A Republican amendment to the House FY12 Department of Homeland Security spending bill ties the hands of federal officials in working to prepare for extreme weather. Thankfully, the Senate can refuse to accept this language.
Last week, I wrote about the flurry of deadly extreme weather events happening in the US lately and the serious impact such events are having on socially vulnerable communities, especially in the southeastern states. It just so happens that in addition to all of these storms, floods, and droughts, hurricane season officially kicked-off on Wednesday (June 1) with predictions that this will be an above average year for hurricane activity. No rest for the weary, as they say.
But while families across the country are coping with such devastation, the Republican leadership in the House just delivered a one-two punch, by tying the hands of federal officials in the Department of Homeland Security (DHS) working to prepare for increasingly extreme weather.
On Thursday, the House approved the fiscal 2012 DHS spending bill that included an amendment, introduced by Rep. John Carter (R-TX), prohibiting DHS from engaging in some of the very activities that will help to protect families from future disasters. The provision will prevent DHS from participating in a coordination process with other federal agencies working to prepare our country for the increase in extreme weather disasters that a changing climate is already bringing. DHS wouldn’t be allowed to participate in the Interagency Climate Change Adaptation Task Force that I wrote about several months ago when Senator Barrasso inaccurately characterized its mission.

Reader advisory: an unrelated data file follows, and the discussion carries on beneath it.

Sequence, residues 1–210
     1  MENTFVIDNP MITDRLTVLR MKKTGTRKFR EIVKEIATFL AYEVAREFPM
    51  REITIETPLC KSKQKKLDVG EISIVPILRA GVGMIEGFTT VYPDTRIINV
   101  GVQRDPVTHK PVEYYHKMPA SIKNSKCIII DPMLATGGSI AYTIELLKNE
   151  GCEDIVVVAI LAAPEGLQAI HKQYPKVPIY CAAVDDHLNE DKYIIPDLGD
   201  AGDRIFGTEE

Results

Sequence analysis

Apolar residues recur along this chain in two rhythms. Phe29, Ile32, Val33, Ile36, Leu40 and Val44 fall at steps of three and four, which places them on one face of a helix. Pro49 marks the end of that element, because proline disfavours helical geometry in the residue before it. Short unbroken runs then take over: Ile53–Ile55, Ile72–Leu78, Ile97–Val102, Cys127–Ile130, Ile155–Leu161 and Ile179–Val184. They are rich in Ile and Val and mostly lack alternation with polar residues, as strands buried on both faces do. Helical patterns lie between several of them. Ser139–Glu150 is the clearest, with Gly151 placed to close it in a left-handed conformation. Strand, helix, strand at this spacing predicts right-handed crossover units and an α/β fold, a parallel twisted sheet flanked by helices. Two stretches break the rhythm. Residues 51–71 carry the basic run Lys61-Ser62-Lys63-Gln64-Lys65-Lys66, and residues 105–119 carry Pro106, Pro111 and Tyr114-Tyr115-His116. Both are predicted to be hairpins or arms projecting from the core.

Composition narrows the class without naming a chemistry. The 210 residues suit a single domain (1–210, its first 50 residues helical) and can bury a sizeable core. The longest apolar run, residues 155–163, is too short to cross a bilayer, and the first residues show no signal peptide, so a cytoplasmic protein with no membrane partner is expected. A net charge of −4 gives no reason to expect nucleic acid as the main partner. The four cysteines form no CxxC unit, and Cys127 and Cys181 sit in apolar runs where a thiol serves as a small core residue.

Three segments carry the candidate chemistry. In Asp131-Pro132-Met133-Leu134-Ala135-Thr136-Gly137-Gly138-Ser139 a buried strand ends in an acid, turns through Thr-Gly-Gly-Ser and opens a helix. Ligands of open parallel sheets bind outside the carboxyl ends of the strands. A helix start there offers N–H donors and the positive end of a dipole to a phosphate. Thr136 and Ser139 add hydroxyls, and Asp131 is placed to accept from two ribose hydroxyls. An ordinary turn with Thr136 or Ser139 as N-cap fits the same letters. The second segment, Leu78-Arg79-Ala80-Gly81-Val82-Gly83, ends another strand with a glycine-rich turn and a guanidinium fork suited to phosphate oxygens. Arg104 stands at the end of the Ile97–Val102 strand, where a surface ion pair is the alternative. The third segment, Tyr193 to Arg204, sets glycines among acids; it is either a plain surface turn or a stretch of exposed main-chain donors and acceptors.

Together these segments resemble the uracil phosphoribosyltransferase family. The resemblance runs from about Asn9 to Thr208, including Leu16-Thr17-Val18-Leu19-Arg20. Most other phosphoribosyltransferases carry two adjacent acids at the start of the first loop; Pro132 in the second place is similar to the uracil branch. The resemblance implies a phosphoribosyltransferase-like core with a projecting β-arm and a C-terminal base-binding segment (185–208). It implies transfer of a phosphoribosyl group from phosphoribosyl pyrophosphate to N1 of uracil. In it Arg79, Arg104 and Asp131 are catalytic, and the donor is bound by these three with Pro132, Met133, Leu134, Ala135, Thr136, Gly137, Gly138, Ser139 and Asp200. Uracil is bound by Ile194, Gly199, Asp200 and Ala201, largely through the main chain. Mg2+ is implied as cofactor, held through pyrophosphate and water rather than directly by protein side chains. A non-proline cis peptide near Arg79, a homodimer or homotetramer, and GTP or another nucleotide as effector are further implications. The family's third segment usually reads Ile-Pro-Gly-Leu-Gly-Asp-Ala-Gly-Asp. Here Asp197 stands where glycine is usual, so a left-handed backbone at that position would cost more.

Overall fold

Do we really want to tie the hands of the federal agency tasked with keeping our nation safe from disasters? What is more important to voters, the politics of climate change or the safety of our families? Basic preparation for disasters is the best and most cost effective way to keep Americans safe from harm and prevent the most costly impacts on our communities and our federal budget.
Thankfully, the Senate can stop this posturing that endangers American lives. It should reject any similar amendments, and when the House and Senate convene in a conference committee to reconcile their DHS appropriations bills, the Senate should stand firm and refuse to accept this language.